From the March on Washington to Oprah's instantly iconic #TimesUp speech last Sunday, women have been leading the Resistance since Donald Trump's inauguration nearly a year ago. Among the women leading movements targeting crises like police brutality and sexual assault, Aditi Juneja has carved out an empathetic space for exploring the relationship between activism and self-care.
At just 27 years old, Juneja built the Internet's popular crowd-sourced Resistance Manual — an easy-to-understand look at the ways citizens can harness their power to influence local politics. She's also the creator of the podcast, Self-Care Sundays, which spotlights the tactics marginalised people are using to insulate themselves from the chaos of our cultural moment.
Refinery29 caught up with Juneja to learn about the story motivating her remarkable activism. Press play above to hear more about her fight, and don't miss our Q&A featured below.
My goal in leading the Resistance Manual was to make it a resource that served newly engaged citizens who were looking to learn more about policy and process. Our founding principles were to continue to advance justice and equity, including resisting the Trump administration when necessary. When I left in June, we were measuring success by the growth in the share of return users and the amount of time people were spending on the site. We wanted to be a place that people referenced again and again, as well as a resource that people felt invested in spending time to help develop. My cofounders, Stay Woke, are now running it.
What inspired you to start your podcast, Self-Care Sundays? How is self-care different in our current political climate?
I started Self-Care Sundays because I was beginning to feel exhausted and burnt out leading the Resistance Manual. I needed to find a way to take care of myself in order to do the work. I wasn't sure what that might look like so my solution was to have conversations with different people to learn how they practiced self-care. I was particularly interested in what self-care looks like for people with marginalised identities and without a lot of resources, because that's what I was struggling to find information about.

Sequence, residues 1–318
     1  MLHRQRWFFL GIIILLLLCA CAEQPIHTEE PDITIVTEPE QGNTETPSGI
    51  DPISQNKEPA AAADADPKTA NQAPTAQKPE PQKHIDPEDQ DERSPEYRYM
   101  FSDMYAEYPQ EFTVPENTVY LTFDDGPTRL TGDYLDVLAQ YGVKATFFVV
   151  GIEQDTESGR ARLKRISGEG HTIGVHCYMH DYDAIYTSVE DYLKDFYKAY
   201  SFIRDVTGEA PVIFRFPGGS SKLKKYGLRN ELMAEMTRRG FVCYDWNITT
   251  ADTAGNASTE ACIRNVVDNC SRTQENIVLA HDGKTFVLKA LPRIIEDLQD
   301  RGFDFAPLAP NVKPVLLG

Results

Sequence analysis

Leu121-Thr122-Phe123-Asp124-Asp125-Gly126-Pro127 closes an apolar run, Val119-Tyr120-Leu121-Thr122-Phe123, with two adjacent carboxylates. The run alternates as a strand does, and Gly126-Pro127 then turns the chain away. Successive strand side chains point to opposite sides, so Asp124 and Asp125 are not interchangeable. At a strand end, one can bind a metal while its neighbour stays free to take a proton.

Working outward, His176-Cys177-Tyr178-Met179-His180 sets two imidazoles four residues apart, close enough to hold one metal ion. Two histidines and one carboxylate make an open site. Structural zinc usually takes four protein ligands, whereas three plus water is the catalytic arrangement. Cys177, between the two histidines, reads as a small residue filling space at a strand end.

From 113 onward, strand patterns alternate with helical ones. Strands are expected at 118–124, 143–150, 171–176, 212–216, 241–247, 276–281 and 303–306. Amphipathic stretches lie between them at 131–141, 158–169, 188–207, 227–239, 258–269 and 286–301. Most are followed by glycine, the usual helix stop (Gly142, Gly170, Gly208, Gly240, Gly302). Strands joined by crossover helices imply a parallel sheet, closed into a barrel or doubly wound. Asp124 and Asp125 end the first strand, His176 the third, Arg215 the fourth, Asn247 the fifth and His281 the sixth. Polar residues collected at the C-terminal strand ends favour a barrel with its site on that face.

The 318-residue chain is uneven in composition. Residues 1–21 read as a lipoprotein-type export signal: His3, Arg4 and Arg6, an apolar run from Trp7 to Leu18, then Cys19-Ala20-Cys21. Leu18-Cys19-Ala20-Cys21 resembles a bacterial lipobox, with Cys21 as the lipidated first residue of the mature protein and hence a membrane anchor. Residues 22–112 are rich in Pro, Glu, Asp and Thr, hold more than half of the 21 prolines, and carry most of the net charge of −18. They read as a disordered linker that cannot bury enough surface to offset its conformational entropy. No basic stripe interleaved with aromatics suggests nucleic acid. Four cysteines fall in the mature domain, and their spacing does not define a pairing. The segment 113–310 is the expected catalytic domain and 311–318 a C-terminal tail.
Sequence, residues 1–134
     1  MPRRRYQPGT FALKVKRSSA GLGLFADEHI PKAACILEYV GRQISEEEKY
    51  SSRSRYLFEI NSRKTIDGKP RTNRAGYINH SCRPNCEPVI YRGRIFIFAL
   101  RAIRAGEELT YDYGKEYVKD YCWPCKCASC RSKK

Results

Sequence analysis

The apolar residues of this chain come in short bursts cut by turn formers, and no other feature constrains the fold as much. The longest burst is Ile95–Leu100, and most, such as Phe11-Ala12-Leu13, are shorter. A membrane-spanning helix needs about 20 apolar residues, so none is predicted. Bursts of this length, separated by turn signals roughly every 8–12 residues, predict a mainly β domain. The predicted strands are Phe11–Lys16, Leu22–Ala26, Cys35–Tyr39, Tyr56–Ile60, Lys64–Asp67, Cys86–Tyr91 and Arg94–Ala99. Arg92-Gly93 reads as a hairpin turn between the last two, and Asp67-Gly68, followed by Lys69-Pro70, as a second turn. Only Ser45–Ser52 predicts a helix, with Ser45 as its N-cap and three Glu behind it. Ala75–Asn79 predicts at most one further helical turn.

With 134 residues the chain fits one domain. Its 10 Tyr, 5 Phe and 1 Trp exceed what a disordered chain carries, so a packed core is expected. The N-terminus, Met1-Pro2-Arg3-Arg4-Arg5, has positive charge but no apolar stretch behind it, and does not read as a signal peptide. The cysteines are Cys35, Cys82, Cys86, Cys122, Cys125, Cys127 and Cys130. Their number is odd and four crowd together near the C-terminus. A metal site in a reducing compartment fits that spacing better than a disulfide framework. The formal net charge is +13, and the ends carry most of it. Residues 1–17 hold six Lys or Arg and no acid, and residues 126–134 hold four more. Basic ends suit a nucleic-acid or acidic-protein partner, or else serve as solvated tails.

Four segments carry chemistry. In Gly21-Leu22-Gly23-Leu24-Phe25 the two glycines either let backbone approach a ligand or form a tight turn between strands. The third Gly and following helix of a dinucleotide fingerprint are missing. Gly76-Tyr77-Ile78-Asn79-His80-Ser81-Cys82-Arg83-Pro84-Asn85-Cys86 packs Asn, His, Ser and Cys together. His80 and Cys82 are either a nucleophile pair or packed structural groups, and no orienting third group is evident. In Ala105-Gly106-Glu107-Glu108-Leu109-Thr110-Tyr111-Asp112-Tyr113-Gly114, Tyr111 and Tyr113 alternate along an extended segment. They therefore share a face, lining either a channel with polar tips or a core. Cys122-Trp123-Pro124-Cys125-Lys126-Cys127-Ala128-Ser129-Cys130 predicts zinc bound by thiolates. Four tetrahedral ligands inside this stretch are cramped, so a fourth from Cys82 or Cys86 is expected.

I think that there is a lot of uncertainty and unpredictability in this political climate. For some people, it is unsettling and jarring to see political leaders behave with such little decency. But for some of us, our lives seem to constantly be under attack. The disabled community has gone through tremendous turmoil any time healthcare has been threatened. Undocumented immigrants are living in constant fear. There is uncertainty about the Muslim ban. The President amplifies white supremacists. There is no reprieve, so we have to find a way to create it for ourselves. We have to find moments of joy and a way not to feel guilty about taking breaks.
What's the biggest misconception about self-care?